Tokyo could extend coronavirus restrictions to the Olympics: media, sports news

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Japan is considering extending its coronavirus prevention efforts in Tokyo and other areas by two weeks to one month, Japanese media said, with less than a month expected to pass before the Tokyo Summer Olympics open.

The Japanese capital and other areas are currently in a “quasi” exceptional state due to be lifted on July 12, but a recent surge in coronavirus cases has worried officials and could increase the number of spectators admitted to the Olympics will affect.

According to the daily Mainichi Shimbun, the government is considering extending the measures by two to four weeks, a period that would coincide with the Olympic Games, which have already been postponed by a year and will open on July 23.

A government meeting on coronavirus measures is due to be held later Wednesday to discuss how to deal with signs of an impending spike in coronavirus numbers that worries experts, along with concerns over the spread of more highly transmittable variants.

“All decisions about quasi-emergency measures are made on the basis of our current guidelines,” said cabinet chief Katsunobu Kato at a press conference.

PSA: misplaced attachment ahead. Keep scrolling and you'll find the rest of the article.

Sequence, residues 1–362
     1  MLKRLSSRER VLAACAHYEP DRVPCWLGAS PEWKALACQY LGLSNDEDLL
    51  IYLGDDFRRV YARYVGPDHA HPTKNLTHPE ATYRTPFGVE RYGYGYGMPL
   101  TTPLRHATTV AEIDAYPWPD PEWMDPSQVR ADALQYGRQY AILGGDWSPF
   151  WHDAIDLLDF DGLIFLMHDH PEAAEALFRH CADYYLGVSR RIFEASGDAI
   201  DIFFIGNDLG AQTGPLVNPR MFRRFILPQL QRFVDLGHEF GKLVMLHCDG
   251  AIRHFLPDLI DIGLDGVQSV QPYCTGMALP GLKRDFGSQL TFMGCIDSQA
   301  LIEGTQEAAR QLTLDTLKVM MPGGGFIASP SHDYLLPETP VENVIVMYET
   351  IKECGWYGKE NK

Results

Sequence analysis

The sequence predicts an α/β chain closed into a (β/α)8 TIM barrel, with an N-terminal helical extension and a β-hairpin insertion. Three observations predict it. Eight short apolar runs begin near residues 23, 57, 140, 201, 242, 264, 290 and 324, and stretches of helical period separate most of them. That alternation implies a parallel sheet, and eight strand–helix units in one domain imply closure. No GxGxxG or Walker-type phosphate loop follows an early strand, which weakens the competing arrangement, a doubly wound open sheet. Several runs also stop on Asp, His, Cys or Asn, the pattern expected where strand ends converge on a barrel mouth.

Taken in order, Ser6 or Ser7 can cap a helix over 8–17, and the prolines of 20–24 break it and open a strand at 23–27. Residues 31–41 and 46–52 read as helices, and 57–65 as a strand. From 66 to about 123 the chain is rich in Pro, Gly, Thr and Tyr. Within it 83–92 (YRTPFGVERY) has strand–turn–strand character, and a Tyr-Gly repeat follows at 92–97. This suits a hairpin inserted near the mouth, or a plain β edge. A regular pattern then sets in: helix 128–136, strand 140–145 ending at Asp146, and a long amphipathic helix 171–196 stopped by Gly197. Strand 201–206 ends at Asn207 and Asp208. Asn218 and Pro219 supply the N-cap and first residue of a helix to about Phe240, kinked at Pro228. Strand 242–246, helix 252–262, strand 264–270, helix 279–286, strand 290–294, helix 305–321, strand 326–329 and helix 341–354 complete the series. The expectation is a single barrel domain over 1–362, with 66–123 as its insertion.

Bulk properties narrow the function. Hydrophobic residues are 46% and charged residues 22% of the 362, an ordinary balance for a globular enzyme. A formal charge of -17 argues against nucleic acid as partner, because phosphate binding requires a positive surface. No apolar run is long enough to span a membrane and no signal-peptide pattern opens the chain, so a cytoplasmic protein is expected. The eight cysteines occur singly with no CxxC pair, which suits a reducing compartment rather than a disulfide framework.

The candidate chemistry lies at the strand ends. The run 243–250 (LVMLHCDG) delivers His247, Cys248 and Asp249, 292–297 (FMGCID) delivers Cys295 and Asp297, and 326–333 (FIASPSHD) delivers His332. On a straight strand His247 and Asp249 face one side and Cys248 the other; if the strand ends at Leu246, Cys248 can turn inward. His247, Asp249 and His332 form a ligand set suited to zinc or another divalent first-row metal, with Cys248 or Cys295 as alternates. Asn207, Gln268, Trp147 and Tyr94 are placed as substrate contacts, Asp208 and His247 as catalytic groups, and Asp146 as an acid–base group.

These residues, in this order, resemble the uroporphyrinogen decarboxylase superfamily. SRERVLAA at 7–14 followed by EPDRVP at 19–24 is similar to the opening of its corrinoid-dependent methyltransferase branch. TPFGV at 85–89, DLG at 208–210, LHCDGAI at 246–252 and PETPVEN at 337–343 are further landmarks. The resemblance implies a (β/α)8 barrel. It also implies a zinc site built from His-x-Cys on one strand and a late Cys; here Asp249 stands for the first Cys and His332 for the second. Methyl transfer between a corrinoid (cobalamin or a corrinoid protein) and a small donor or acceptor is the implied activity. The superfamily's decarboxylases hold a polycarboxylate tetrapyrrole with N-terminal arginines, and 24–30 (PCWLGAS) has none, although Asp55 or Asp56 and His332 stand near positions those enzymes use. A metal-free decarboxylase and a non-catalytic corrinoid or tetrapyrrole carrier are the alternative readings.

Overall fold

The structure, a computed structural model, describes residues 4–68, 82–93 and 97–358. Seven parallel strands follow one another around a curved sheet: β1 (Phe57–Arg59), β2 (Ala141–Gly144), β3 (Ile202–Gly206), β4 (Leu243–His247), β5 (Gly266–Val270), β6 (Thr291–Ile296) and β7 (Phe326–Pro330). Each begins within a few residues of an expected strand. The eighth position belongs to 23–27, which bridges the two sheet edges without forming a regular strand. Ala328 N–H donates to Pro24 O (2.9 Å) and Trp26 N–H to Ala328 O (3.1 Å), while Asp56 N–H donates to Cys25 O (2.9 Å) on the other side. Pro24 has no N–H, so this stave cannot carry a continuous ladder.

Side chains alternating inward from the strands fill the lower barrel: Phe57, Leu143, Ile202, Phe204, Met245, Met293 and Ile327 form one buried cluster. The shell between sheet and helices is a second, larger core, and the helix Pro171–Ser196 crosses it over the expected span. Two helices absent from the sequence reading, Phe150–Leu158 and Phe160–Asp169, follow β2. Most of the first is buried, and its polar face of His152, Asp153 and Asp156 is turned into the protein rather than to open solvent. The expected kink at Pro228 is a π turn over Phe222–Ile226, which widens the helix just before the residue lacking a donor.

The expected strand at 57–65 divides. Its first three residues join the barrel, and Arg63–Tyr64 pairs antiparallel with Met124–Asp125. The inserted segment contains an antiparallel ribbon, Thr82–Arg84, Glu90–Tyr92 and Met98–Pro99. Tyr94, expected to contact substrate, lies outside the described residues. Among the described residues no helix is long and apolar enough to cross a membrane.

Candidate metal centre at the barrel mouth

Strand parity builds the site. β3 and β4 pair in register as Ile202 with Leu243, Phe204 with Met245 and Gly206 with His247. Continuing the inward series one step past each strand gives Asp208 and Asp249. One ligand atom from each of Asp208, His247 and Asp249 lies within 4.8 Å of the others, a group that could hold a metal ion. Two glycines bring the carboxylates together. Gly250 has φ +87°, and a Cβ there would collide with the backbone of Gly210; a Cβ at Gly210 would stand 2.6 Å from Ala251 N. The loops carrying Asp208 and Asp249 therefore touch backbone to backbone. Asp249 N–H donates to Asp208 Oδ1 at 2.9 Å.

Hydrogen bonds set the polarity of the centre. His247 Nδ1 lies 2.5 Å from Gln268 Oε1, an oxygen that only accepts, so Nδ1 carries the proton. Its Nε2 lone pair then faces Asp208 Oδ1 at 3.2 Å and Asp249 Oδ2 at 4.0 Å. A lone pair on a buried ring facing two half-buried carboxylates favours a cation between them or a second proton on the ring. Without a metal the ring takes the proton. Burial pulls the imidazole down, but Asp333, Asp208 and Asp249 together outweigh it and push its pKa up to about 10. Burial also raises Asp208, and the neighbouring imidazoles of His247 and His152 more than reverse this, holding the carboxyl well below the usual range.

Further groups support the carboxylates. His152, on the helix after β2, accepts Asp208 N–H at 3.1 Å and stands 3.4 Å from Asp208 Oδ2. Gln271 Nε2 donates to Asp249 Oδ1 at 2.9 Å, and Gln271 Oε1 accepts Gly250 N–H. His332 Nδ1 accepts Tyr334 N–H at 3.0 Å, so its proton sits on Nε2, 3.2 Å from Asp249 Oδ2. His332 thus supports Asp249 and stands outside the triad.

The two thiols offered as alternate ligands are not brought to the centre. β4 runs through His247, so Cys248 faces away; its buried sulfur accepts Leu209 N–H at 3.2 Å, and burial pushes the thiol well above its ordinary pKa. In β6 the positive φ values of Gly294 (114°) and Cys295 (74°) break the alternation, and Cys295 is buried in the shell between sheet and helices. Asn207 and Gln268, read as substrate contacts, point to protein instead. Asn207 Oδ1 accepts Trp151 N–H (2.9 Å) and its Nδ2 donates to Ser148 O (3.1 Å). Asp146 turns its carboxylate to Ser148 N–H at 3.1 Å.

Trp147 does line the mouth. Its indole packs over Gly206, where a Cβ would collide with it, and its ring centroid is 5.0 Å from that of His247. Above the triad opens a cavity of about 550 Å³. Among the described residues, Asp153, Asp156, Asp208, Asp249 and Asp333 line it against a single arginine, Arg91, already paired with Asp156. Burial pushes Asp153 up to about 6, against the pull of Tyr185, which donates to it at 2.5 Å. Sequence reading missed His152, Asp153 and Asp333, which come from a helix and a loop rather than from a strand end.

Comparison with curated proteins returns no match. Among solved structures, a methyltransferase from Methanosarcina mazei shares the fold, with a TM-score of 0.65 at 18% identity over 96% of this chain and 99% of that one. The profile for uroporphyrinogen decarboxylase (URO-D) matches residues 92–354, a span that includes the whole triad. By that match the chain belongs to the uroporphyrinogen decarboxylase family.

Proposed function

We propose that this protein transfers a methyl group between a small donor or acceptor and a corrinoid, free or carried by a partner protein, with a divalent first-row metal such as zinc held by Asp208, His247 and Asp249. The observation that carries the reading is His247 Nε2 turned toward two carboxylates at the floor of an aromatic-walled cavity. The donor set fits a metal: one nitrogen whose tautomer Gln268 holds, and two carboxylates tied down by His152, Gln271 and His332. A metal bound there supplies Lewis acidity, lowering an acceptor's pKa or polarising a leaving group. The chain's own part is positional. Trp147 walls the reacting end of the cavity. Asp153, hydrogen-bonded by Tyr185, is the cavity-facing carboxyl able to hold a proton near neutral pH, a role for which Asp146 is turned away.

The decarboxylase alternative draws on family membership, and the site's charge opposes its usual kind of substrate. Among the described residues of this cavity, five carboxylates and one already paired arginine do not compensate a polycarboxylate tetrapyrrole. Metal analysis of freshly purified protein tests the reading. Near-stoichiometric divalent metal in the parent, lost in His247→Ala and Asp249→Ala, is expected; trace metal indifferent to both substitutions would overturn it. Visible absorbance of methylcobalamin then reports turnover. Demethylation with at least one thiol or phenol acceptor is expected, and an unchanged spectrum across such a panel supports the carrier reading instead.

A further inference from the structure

In the “quasi” exceptional state, spectators are limited to 5,000 at events. The Olympic organizers have decided that spectators will be allowed up to 50 percent of the event’s capacity or a maximum of 10,000, although foreign spectators have been banned.

Tokyo Governor Yuriko Koike, who was hospitalized because of fatigue, was released early on Wednesday. According to media reports, she would work from home indefinitely.

Tokyo decided on Tuesday to move the first half of the 15-day Olympic torch relay set to take place in the capital off public roads.

Officials have pledged to hold “safe” Olympic Games but face sustained opposition from a significant segment of the public, with concerns raised after two members of the Ugandan delegation tested positive upon arrival in Japan.